One Year Anniversary Celebration at the UCSC Tree-Sit

On November 7, 2007, people took to the redwoods at the site of the proposed Biomedical Sciences building to show their opposition to destroying 120 acres of upper campus and having an additional 4,500 students taking from Santa Cruz’s limited resources.

On November 7, 2008, about 75 people turned out on Science Hill, the site scheduled for construction of a Biomedical Sciences Facility, to celebrate the one year anniversary of the UCSC Science Hill Tree Sit. The festivities featured speakers, spoken word, and musical performances, as well as laughter, storytelling and conversation. People also marked the occasion by sharing memories of November 7th, 2007, the day that hundreds of courageous students, staff, faculty, and community members withstood the violence of the police in order to support the tree sit.

Stop UCSC Expansion

On November 7, 2007, people took to the redwoods at the site of the proposed Biomedical Sciences building to show their opposition to destroying 120 acres of upper campus and having an additional 4,500 students taking from Santa Cruz’s limited resources. The protestors were surrounded by police as they hoisted platforms into the redwoods on Science Hill. Meanwhile, a rally in opposition to the University’s plans met at the Baytree Bookstore to hear people speaking on why UCSC’s Long Range Development Plan was bad for students, faculty and the community as a whole. The rally turned into a march that headed towards the newly-launched Tree Sit in order to supply food and water to the people in the trees. The police, with large forces called in from around Santa Cruz County, tried to prevent the rally from sending up supplies. The crowd did not back down, even when the cops turned violent, and eventually the cops backed down. The protestors celebrated by sending food up to the Tree Sitters and setting up a ground occupation in the parking lot under the trees.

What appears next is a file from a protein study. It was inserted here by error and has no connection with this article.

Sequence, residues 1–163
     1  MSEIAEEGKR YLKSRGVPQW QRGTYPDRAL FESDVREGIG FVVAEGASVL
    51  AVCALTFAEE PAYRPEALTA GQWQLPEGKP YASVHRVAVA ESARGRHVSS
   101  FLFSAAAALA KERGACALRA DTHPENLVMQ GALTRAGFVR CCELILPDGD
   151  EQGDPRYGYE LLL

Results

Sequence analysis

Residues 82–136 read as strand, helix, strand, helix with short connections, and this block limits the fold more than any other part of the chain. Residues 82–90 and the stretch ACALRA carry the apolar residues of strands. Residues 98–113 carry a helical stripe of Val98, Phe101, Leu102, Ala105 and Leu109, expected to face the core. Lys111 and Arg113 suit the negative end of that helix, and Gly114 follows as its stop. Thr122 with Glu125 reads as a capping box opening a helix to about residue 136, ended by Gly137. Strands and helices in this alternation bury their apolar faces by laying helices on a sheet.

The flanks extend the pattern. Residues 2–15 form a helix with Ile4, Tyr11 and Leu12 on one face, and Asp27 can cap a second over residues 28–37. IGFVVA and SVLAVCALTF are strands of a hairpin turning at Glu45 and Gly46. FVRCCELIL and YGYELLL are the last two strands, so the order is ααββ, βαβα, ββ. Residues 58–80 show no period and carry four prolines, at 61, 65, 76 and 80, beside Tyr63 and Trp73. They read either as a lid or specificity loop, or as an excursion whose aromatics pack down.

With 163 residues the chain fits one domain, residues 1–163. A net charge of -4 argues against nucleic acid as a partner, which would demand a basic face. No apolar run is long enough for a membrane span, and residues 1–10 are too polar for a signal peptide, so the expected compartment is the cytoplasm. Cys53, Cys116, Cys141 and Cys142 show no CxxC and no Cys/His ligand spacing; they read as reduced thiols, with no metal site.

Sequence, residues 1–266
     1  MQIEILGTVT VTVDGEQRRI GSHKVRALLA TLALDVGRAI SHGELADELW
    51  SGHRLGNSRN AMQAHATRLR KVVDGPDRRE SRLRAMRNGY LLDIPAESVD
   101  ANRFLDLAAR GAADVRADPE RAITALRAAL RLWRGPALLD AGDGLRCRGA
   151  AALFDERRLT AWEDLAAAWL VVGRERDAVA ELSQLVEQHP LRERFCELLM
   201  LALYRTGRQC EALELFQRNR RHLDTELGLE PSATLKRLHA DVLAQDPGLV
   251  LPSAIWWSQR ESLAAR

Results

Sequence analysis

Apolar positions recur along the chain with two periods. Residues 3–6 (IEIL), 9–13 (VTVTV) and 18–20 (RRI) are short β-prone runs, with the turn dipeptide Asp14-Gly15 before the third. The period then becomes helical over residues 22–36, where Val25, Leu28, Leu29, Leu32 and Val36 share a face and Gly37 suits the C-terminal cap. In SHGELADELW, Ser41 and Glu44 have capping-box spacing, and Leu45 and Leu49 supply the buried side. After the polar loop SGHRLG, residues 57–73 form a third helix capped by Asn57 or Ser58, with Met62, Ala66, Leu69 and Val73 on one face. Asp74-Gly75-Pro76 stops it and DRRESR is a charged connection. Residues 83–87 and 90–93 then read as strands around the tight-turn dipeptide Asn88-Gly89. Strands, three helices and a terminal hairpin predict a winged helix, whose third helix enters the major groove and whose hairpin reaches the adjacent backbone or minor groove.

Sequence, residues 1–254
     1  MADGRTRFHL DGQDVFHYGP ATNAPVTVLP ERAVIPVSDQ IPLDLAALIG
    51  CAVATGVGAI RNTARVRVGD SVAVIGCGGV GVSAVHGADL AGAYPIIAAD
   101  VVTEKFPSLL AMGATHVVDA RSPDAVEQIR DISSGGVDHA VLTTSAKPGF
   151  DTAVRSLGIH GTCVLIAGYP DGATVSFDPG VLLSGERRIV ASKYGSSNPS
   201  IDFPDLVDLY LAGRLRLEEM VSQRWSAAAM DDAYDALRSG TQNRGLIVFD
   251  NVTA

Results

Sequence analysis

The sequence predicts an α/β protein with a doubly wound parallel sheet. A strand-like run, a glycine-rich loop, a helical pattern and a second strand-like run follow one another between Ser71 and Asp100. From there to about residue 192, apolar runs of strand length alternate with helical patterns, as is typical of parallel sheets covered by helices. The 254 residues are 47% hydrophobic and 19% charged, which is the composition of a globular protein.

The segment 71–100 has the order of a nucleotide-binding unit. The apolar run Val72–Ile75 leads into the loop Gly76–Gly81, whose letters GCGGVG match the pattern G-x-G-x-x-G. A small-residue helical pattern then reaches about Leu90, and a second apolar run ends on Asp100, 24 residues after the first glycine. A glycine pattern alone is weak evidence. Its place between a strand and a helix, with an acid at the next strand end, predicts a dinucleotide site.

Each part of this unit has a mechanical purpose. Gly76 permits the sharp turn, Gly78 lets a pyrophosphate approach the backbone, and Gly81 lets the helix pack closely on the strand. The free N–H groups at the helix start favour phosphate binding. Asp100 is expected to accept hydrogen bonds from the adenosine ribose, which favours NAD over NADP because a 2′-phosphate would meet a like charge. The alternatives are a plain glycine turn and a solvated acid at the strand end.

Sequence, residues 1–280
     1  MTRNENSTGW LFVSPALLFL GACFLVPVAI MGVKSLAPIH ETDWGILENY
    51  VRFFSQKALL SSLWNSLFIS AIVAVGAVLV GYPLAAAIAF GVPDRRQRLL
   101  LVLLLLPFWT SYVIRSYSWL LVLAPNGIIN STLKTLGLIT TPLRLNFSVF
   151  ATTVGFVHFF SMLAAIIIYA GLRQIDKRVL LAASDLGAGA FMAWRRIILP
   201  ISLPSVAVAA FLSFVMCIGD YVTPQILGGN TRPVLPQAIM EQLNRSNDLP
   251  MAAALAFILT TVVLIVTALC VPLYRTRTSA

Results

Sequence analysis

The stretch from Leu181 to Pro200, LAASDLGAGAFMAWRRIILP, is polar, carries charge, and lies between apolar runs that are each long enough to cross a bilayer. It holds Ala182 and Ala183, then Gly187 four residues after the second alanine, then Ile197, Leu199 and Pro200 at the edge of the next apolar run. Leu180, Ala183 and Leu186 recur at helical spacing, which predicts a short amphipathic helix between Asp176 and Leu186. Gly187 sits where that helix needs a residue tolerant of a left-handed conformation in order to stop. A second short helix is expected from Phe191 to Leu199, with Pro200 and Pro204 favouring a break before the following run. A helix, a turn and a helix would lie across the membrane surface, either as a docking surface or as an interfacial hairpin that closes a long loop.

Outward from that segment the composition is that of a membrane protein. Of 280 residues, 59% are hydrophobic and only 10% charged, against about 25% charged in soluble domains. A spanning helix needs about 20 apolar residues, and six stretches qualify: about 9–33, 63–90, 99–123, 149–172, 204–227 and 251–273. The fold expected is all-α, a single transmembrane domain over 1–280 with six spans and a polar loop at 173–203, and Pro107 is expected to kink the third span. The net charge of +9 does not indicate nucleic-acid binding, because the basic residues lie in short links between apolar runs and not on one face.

A year later, and the Tree Sitters have been through a lot — pepper-spraying cops, ninety-mile-an-hour winds, and disgruntled administrative messages — but they are still holding strong. The city and the University made a deal in which the University agreed to pay “normal city taxes” for their construction, but the deal did nothing to change the degradation of upper campus nor did it change the projected enrollment. The need for grassroots community involvement is greater than ever. Now is the time to tell the University “No construction in upper campus!”

For more information and past coverage, check out:

Standoff with Police as Activists Occupy Redwoods to Oppose UCSC Expansion (November 7, 2007)
http://www.indybay.org/newsitems/2007/11/08/18458938.php

Winter Break at the UCSC Tree-sit
http://www.indybay.org/newsitems/2007/12/19/18467787.php

Tree-Sit 6 Month Anniversary Celebration on May 7th
http://www.indybay.org/newsitems/2008/05/06/18497544.php

Crossposted at Indybay.org.

Author: Bradley Allen

Bradley Allen is a reporter and photographer in the Monterey Bay Area, and a collective member of the San Francisco Bay Area Independent Media Center (Indybay). Follow him on social media: @BradleySA.